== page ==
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Don't know if this helps. I am single insured. No deductible. No kids. $10 doctor visits, $5 for generic prescriptions. Small business policy (7 employees) we are on Pacificare HMO. I pay $135/month. No lifetime cap. Those kinda scare me. You could easily go through 1 million dollars with a small accident if they insist on charging you $5 per aspirin in the hospital!
(I'm in Colorado)

Janet
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<<(I'm in Colorado)

Janet >>

In case you are interested, I posted about a possible Fool gathering in Colorado on the Folly in Colorado board.

Jacki
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Sounds like a good policy except, how oftern do you go to the doctor. Once a year maby at $80 to $100. Sounds to me like you should look into a major medical policy. (If you are healthy, single and avoid doctors like the black death, cosider looking into a major medical and if it makes econamic sence, invest your savings)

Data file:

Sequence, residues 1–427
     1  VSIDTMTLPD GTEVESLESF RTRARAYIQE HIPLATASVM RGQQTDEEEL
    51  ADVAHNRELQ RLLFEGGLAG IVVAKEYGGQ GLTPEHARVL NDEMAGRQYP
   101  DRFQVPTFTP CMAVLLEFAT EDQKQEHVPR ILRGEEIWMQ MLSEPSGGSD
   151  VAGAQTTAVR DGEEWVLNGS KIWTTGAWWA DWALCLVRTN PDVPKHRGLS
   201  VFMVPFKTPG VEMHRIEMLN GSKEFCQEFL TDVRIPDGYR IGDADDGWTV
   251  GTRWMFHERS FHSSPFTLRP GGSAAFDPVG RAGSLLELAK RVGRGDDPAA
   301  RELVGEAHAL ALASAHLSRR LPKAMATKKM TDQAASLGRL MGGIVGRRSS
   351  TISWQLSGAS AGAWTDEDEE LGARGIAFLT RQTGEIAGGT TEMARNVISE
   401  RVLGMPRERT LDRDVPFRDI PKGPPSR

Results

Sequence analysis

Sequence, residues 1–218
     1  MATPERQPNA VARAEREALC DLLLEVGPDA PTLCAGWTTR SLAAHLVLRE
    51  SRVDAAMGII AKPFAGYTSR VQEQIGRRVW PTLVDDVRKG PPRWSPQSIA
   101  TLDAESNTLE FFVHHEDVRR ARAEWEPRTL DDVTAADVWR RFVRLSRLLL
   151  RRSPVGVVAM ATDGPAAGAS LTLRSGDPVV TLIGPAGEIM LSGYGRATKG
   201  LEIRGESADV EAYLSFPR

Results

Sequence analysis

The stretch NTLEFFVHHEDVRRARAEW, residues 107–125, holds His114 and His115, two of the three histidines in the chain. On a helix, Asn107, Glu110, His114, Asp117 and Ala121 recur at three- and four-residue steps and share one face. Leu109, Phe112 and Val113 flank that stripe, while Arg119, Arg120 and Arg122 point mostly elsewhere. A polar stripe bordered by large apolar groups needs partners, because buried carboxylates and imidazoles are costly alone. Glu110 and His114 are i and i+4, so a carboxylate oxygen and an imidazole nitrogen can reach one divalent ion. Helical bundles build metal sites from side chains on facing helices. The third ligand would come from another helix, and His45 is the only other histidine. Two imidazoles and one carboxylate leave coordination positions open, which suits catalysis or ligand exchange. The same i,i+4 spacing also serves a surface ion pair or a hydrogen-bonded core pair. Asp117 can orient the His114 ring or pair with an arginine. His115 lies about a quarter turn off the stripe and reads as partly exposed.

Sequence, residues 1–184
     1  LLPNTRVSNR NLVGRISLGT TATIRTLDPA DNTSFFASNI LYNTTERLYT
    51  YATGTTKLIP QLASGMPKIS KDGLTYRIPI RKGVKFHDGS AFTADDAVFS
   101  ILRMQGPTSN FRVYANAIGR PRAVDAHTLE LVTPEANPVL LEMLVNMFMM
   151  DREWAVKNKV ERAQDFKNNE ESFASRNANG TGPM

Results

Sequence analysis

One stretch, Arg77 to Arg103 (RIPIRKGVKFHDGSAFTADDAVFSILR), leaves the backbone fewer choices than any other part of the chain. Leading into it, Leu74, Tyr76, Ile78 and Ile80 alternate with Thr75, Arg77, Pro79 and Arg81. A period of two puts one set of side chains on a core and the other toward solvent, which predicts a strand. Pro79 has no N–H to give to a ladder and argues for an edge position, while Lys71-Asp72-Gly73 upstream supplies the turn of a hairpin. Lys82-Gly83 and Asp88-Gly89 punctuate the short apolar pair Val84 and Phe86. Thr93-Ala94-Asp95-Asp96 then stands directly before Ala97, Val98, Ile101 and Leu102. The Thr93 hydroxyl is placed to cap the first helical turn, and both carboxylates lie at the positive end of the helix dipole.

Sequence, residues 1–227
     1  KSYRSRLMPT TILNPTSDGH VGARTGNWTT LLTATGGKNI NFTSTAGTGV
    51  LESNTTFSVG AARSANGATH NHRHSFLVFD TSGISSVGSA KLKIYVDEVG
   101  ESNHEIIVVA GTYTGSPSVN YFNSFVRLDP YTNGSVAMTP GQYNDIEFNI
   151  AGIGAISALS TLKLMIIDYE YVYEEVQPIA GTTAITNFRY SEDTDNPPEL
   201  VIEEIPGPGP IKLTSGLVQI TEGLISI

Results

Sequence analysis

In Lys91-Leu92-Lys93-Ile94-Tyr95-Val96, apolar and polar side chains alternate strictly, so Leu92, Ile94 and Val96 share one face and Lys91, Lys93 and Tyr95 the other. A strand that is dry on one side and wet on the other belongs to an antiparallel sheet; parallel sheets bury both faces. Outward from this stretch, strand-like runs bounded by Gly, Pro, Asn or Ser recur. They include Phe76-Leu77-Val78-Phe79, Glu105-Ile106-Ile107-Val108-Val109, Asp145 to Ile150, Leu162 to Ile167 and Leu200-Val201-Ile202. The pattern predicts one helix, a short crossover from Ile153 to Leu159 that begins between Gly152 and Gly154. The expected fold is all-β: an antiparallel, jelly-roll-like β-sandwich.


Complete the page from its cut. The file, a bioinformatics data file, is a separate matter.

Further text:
rec
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yeah, BUT don't you see a lot of Road Rage in your area? People are being way too crazy driving around these days. I think having good health insurance helps me sleep well at night. So, that's how I see it. Everyone is different. (Car insurance only pays so much!)

Janet
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To each his/her own. Personaly, I have never seen road rage in action. Only heard about it happening twice in the 6 years I've been here. And most major medical policies would cover a major road rage induced accident. Besides, what price is security, to parphrase a quote. If you feel safe paying say, umm, $300 a month for insurance, would't you feel twice as safe paying $600?? I realize self insurance is not for every one at this point in time, but I am convinced that every one at some point in their life would be better off having self insurance backed up with major medical and even something called an umbrella insurance policy. (Insurance agents hate these because you can get a million bucks in coverage for pennies. That means little commission for them) I say, put your feeling aside for now and seriously review your entire insurance portfolio with an open and clear mind. You will find some areas you can do better and others you are comfortable with and some areas you are lacking. It is a very Foolish move to review your entire insurance needs on an annual basis, first without your agent, then after you see everything in its true light, bring in your agent(s) to get questions answered and senarios viewed.

rec